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Preparing Your Clients for Gutenbeg

Preparing Your Clients for Gutenbeg


Joe Casabona

May 15, 2018


  1. Preparing Your Clients for Gutenberg Joe Casabona

  2. @jcasabona Outline • What is Gutenberg? • Talking to Your

    Clients • Revisiting Our Test Plan • Updating Your Themes / Plugins • Demo - Upgrading a Site in Real Time!
  3. @jcasabona Current State of Gutenberg • 2.8 Came out last

    week • It looks like it's in the "Refine and Polish" Phase • WordPress 4.9.6 or .7 will have a CTA to try Gutenberg
  4. @jcasabona

  5. Talking to Your Clients

  6. @jcasabona About Your Clients • They’ll need to be re-trained

    on how to use WordPress • They’ll need to be prepped on why it’s important to upgrade. • They will have specific questions about their site and what to expect.
  7. @jcasabona Types of Clients • New to WordPress • Clients

    you’re currently working with • Clients you’ve launched sites for / maintain sites for
  8. @jcasabona New to WordPress • These are the easiest! •

    You’re starting with a blank canvas • With both the site and the client • You should start working with Gutenberg for new clients
  9. @jcasabona Clients You've Launched Sites for • Could be tough,

    based on timeline • Since there’s no active development, you could use explain options • Classic Editor would work best here, for a short time • Encourage them to upgrade as soon as they can
  10. @jcasabona Current Clients • Toughest - project is in development

    • Tell them what’s happening and give them their options • Be honest and try to help mitigate • Try to encourage upgrade, fallback to Classic Editor • Encourage them to upgrade as soon as they can
  11. Options for Your Clients

  12. @jcasabona Upgrade Options 1. Continue on 4.x and don’t upgrade

    to 5.0. 2. Start the upgrade to 5.0. 3. Upgrade to 5.0 and use the Classic Editor plugin, which disables Gutenberg.
  13. @jcasabona Pros of Upgrading • Continued support for years to

    come • Security and Maintenance updates right when they come out • A more powerful editor to create fantastic content • You’re using the system that will be adopted in other areas of WordPress in the coming years • The ability (potentially) to drop premium plugins that can be accomplished in 5.0 thanks to Gutenberg
  14. @jcasabona Cons of Upgrading • There is cost involved with

    upgrading - both time and money • Your site could break - content, theme, and other plugins • Many plugins will not be compatible on the day 5.0 comes out • •Many plugins will likely turn Gutenberg off for a short period.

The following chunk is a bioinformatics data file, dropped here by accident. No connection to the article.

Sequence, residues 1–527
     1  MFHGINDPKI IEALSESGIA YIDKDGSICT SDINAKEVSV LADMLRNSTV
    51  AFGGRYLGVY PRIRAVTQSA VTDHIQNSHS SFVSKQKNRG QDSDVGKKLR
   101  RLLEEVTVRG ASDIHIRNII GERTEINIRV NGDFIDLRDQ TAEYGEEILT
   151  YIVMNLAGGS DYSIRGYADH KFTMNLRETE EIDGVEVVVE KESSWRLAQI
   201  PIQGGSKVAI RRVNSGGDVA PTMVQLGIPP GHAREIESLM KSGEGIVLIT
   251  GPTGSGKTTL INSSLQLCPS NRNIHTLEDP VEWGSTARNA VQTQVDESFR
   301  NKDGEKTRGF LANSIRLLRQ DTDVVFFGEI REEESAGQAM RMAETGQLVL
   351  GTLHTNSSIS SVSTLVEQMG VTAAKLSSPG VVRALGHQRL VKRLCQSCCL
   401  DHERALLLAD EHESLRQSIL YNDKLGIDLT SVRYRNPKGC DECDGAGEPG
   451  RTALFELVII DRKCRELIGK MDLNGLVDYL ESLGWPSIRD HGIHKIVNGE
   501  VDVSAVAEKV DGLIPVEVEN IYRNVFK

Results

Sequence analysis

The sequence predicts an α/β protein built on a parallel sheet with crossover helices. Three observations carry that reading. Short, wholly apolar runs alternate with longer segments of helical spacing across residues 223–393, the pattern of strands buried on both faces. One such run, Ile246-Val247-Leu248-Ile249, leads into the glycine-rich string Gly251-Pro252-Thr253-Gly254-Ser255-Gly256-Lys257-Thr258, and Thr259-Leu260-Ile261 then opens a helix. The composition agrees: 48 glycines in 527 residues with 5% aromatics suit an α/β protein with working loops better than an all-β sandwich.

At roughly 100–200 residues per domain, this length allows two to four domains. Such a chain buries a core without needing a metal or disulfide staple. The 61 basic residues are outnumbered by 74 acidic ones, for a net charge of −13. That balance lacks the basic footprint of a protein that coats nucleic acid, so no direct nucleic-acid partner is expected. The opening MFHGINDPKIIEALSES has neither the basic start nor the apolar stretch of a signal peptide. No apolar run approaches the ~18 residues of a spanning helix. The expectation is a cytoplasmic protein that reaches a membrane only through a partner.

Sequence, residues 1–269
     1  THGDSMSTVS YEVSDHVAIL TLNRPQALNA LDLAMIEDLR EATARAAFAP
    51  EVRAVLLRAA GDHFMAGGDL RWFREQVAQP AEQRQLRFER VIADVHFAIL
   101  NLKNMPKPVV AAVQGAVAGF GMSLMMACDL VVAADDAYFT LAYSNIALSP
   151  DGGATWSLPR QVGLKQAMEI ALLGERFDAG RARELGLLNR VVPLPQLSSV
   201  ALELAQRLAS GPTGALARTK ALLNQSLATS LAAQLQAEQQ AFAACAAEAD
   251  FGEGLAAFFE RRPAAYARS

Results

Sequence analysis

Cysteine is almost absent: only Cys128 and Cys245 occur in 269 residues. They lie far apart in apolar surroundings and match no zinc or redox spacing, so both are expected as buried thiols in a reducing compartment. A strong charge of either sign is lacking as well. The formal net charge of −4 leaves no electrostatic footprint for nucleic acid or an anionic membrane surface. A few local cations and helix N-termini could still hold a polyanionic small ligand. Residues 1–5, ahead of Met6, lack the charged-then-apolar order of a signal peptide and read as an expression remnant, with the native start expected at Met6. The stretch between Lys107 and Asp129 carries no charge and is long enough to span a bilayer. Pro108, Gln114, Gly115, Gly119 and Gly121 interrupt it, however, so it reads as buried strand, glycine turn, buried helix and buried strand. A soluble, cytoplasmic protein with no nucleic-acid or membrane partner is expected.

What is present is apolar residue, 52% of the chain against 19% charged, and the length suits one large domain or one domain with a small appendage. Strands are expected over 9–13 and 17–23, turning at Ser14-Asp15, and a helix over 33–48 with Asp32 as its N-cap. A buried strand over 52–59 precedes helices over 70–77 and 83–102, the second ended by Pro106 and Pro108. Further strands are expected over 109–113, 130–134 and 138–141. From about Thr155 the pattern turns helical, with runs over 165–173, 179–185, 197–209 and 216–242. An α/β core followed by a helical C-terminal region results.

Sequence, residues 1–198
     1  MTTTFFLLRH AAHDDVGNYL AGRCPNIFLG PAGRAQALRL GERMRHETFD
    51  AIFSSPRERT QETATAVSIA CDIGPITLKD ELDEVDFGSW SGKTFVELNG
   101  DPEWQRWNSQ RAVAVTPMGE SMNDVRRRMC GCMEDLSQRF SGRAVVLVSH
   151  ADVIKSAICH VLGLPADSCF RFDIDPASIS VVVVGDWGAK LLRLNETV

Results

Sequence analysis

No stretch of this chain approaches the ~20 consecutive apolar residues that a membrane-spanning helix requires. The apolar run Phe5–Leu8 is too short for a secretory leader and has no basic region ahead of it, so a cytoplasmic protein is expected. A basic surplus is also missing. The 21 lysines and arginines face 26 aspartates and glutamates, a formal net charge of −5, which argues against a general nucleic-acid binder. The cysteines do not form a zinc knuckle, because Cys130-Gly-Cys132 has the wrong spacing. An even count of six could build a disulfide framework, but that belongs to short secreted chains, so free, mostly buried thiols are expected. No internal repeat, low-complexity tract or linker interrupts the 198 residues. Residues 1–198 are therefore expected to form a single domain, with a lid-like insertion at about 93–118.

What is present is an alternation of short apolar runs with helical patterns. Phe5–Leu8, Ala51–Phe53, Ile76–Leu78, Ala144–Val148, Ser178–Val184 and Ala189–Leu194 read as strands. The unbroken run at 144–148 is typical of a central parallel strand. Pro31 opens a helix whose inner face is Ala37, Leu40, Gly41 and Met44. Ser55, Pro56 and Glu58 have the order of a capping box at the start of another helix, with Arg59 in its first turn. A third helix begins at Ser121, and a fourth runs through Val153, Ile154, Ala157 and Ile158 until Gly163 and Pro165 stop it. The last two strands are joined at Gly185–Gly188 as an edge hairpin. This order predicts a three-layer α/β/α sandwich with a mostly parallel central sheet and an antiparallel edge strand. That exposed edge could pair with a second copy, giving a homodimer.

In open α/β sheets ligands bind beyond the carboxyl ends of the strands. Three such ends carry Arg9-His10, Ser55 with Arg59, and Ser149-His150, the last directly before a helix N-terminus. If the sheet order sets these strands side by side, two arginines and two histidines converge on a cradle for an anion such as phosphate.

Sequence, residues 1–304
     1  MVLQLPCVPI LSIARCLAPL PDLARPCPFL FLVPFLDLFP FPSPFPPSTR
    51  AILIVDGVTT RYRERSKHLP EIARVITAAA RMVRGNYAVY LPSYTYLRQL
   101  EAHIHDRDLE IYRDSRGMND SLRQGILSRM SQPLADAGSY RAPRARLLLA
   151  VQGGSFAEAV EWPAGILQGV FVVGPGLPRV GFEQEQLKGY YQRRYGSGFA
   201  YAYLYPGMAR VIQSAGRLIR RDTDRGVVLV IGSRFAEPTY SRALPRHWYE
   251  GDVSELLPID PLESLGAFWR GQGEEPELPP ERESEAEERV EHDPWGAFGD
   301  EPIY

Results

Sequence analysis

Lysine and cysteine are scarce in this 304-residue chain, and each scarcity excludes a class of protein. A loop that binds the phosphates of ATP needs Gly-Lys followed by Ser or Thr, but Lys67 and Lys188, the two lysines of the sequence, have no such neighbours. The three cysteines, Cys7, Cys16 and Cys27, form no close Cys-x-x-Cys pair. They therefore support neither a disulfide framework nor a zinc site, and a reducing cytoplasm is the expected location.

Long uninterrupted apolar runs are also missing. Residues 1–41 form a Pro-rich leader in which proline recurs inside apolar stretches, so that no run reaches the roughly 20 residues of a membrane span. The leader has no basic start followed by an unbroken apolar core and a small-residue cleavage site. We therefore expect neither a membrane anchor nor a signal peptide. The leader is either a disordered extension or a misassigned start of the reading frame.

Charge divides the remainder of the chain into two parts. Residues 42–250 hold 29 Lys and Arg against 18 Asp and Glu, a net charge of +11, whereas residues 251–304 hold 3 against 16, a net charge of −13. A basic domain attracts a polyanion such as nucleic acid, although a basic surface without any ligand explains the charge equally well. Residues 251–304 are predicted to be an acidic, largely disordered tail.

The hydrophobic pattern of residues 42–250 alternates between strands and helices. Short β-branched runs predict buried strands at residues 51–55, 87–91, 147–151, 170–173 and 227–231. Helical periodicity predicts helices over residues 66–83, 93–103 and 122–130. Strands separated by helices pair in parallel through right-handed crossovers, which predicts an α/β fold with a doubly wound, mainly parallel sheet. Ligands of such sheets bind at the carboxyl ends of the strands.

15. @jcasabona What Should You Do? • This will be on

    a case by case basis • For smaller sites - perhaps straight blogs or informational sites - you’ll be able to upgrade to 5.0 more quickly. • If you have a page builder, are a large amount of different types of content, you’ll likely want to recommend upgrading, but can use the Classic Editor for a small amount of time. • Let Your Clients take it for a spin! • Setup a WordPress install with Gutenberg or send them to a service like Frontenberg
  16. FAQs from Clients

  17. @jcasabona What Should You Do? • What happens to my

    current content? • Will Plugin I Love work? • Do I have to upgrade to 5.0? • What happens to my theme? • Can’t I just use the Classic Editor plugin forever?
  18. Testing Gutenberg

  19. @jcasabona Review of What Can Break • Current Content •

    Content Generated from Plugins • Customized Editors / Page Builders • Your Theme
  20. @jcasabona Test Plan • 1. Create a Staging Site on

    your host • 2. Install the Gutenberg Plugin • 3. Install any betas of important plugins that add Gutenberg Support • 4. Inventory Content • 5. Create a Kitchen Sink Page • 6. Conduct Tests (Checklist in resources area) • 7. Document Everything • 8. Offer Feedback • 9. Fix what you can!
  21. @jcasabona What About my Theme/Plugin? • New types of content

    with minimal styles that affect frontend • Ex: Cover Image, Columns • Editor Styles • Page Templates that are / are not full-width
  22. @jcasabona What About my Theme/Plugin? • If you’re doing things

    that affect the frontend, you’ll have the same issues you see in the themes. • If you add meta boxes or shortcodes, you might consider adding block support for those. • If you have a Custom Post Type, you’ll need to make sure REST support is enabled with 'show_in_rest' => true.
  23. @jcasabona What You Can Do • For Themes • Add

    CSS to support new blocks • Add some generic classes that can be added to blocks • Add theme support (link in Resources section for this) • Test every template. • For your plugin: • Test it as much as possible • Take stock of all the functionality, particularly anything that affects the frontend or the editor
  24. Demo Time!

  25. Developer, Educator, Podcaster @jcasabona
 casabona.org/ithemes-workshop/ Joe Casabona

  26. Special Offer! Get 35% off my courses, An Introduction to

    Gutenberg and Gutenberg Theming. Visit creatorcourses.com/gutenberg/ and use the code ITHEMES at checkout. For this offer + more resources, you can visit casabona.org/ithemes-workshop